Monthly Archives: August 2012

Shiny Brains (and Other Things I Wouldn’t Mind Working On For My PhD)

So, the last few days I’ve been spending a fair amount of time trying to figure out and narrow down what sort of topics interest me. I don’t know if any of my thoughts will actually pan out into actual research, but I figure at least I have something to say when I talk to someone about my PhD thoughts and stuff – “um”, “I don’t know” and “anything” doesn’t make me sound like I actually want this, does it?

My process is pretty simple – I just pick an institution (a university) and go through their lists of research areas and topics. And so far my main thoughts are:

Interestingly (for me), I find that I don’t particularly feel like getting into the sort of thing that I’ve been doing so far – microfabrication, surface chemistry, biochip fabrication, that sort of thing, at leats not as the main focus of my work.

Neurobiology / developmental biology is extremely interesting. However, I’m a bit worried about the amount of genetics involved, because after photosynthesis, that’s the biology topic I find most difficult. Though that’s not necessarily a bad thing, challenges make things more exciting; genetics and epigenetics fascinate me. Plus, I would get to work with fruit flies whose brain light up in different colours.

Cell biology: stem cells, cancer, all that stuff. I have a bit of experience there now and I’ve taken quite a few university courses in that general subject, so this one feels most comfortable in a way, but there’s also stuff going on there that makes things interesting – genetics / gene expression, proteomics, and that’s just glancing through a fairly random sample during a couple of days.

Just realising that I haven’t stumbled upon any laser-tech-involving topic yet and wondering whether I even want to,


Some Science That Surfaced This Week

I’m trying something new here. I’ve long admired many other science type blogs out there which offer a news round-up sort of thing, once every week. So, I decided to make an attempt at it too. Please, forgive the feebleness.

Oh, and a disclaimer, I suppose. This in no way reflects the actual field I’m doing research in at the moment. It does, however, reflect the random things that catch my attention in the never-stopping science news flow that I happen to catch. I should probably make a better effort to keep up with news that are more relevant to my research (note to self).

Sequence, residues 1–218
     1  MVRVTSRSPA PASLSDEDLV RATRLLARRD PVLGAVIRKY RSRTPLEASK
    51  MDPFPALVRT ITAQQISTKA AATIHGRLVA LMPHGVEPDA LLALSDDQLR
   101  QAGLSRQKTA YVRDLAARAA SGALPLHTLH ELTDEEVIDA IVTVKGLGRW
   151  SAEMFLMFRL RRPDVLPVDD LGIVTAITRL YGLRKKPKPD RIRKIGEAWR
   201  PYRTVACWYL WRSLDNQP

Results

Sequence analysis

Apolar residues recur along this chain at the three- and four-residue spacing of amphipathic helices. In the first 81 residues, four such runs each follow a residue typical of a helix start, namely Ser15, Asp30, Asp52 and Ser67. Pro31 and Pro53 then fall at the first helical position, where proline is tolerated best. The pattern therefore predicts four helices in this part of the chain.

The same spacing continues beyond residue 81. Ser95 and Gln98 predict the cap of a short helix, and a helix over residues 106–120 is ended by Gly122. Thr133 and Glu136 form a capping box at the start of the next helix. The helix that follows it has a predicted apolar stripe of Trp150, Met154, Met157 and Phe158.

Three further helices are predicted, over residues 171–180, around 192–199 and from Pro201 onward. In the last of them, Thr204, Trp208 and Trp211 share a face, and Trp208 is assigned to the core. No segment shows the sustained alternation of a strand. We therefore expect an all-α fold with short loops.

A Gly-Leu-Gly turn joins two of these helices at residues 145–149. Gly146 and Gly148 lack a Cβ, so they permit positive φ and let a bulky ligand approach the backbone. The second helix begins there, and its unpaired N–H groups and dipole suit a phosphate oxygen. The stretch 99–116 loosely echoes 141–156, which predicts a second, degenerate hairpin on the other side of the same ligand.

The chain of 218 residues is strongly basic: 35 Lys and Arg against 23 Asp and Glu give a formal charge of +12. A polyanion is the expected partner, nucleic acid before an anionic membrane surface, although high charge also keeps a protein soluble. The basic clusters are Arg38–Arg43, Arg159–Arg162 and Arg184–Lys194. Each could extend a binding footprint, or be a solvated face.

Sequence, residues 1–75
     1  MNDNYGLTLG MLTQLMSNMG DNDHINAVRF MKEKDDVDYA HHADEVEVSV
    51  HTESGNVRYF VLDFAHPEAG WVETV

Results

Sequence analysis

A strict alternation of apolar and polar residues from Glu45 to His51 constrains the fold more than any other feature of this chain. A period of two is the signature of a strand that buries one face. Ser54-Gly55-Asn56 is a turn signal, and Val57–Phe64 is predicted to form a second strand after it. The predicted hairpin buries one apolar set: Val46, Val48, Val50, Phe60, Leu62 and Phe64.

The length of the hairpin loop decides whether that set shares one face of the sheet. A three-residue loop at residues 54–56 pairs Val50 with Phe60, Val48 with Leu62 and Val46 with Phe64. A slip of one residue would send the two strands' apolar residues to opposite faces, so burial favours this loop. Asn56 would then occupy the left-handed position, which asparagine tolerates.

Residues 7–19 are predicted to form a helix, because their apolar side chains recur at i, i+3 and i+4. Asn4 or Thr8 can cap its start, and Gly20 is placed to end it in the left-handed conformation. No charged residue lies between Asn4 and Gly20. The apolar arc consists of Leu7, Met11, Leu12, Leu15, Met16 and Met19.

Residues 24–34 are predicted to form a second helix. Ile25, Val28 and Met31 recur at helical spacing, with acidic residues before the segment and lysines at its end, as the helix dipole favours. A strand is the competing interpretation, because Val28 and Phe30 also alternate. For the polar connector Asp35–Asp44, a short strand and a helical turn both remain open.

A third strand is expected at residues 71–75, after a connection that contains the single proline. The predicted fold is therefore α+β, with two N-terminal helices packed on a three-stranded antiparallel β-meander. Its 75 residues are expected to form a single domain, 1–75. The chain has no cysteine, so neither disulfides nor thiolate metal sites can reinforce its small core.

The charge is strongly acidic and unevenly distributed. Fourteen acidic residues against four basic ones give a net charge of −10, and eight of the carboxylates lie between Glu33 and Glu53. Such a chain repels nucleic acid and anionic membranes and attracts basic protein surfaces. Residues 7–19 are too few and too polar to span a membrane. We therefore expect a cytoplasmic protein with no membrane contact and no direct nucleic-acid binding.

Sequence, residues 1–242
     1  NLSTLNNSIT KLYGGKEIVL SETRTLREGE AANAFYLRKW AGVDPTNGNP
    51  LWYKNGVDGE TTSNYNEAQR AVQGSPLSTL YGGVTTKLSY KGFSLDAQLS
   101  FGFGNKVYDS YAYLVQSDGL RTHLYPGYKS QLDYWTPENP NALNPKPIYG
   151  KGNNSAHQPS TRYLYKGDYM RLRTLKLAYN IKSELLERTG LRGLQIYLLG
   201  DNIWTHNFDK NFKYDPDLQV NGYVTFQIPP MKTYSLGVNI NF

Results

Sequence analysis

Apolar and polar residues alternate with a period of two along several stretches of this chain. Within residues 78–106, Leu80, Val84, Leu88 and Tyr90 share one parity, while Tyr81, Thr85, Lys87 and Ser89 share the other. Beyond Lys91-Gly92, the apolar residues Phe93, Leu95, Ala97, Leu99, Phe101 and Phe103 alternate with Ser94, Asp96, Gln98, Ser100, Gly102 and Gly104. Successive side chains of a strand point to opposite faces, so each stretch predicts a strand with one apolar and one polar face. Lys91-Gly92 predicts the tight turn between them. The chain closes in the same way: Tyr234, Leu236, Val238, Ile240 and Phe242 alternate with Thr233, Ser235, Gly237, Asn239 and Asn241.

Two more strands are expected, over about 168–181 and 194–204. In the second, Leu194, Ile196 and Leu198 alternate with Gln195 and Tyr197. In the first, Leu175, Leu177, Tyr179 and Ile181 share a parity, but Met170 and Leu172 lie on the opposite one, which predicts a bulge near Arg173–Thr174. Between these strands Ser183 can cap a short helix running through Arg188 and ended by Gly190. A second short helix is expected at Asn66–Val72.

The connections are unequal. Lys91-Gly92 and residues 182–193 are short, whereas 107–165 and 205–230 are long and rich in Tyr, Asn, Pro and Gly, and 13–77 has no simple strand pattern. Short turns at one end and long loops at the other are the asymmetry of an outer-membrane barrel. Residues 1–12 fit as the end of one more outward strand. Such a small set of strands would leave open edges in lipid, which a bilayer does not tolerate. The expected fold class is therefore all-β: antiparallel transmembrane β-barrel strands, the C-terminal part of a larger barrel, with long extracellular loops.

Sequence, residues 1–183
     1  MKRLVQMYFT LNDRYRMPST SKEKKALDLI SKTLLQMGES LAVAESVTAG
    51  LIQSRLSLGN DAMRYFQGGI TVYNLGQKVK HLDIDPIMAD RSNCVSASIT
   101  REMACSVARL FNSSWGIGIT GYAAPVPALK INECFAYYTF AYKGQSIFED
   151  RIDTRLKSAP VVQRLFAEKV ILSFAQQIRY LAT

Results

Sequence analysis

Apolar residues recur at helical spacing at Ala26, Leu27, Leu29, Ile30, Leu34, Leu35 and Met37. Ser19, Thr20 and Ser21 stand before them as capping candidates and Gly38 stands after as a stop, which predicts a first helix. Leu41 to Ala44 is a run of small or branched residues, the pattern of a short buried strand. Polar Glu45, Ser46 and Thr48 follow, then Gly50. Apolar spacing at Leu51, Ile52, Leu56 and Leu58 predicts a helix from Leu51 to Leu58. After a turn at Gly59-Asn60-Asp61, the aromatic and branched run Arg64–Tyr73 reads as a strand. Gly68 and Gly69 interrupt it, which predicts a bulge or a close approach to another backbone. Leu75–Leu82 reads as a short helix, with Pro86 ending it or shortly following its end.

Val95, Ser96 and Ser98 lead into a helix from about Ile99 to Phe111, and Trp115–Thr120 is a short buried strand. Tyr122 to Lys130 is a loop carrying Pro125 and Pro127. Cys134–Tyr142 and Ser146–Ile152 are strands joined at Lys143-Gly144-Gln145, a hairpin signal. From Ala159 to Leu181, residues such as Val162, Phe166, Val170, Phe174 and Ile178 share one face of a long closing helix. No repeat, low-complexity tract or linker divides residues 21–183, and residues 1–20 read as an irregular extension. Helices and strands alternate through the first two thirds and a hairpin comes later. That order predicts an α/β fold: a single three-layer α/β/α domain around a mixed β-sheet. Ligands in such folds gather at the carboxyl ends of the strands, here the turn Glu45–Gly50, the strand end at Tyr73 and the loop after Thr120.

Pulling all-nighters to study doesn’t really help (much). Ha! I knew the system of studying more or less continuously (which I used all through high-school and university) and then just going to bed early before tests worked much better than late-night cramming, and now there’s actual data on it.

Green tea 1:0 tumours. I’m always a little sceptical about the studies that find yet another way to treat cancer in mice, but so long as we know that this just ‘shows promise’, sure, why not. However, I love how they used something as simple as tea and added it to these little vesicles (which are kind of bubbles of fat with a space within them) which also carry a key (protein transferrin) to unlock and get into cancer cells (they have transferrin receptors to which the protein attaches and then the cells eat it and the vesicle).

This is from last week, but it’s still cool this week, in my opinion. A new family of spiders discovered in a cave somewhere. If you don’t like spiders, better not look – there are some awesome close-ups in there.

Not strictly news, perhaps, but I guess this article on Yoshiki Sasai, a scientist trying to understand and control stem cells is probably the most relevant thing to my own research that I managed to catch this week. Some pretty fascinating stuff, though again, lest someone blows this out of proportion, these are just delicate tissue layers and not, you know, actual developed eyes.

Genomic sequencing of bacteria helps track a breakthrough. I have no idea how this works. A group of smart geneticists did a load of sequencing and saw answers in the results. I envy them.

Also, not a news item, maybe, but a cool article on Nature site, about computational sciences taking a turn for the social. First, it was physicists in mid 20th century leaving their field to study Biology, now this. Interesting.

Lastly, a study on theatre audience demographics (I hope that’s the right word for it) which I find interesting because I love going to the theatre. I guess, I belong to the “cultural” group.

Science-ing out,


P.S. The new broke out while I was writing this post that Neil Armstrong died. RIP. Almost exactly a month ago, Sally Ride, the first female US astronaut died. RIP.

Thoughts From Copenhagen

That was a very strange feeling: when the train approached the familiar city that wasn’t my home. I hadn’t experienced this before – coming back to a place that I had lived in, even though just for a few months. It felt kind of cool. I must say that I love that I’m old enough that I can come back to a place I had lived in before and which isn’t my home country.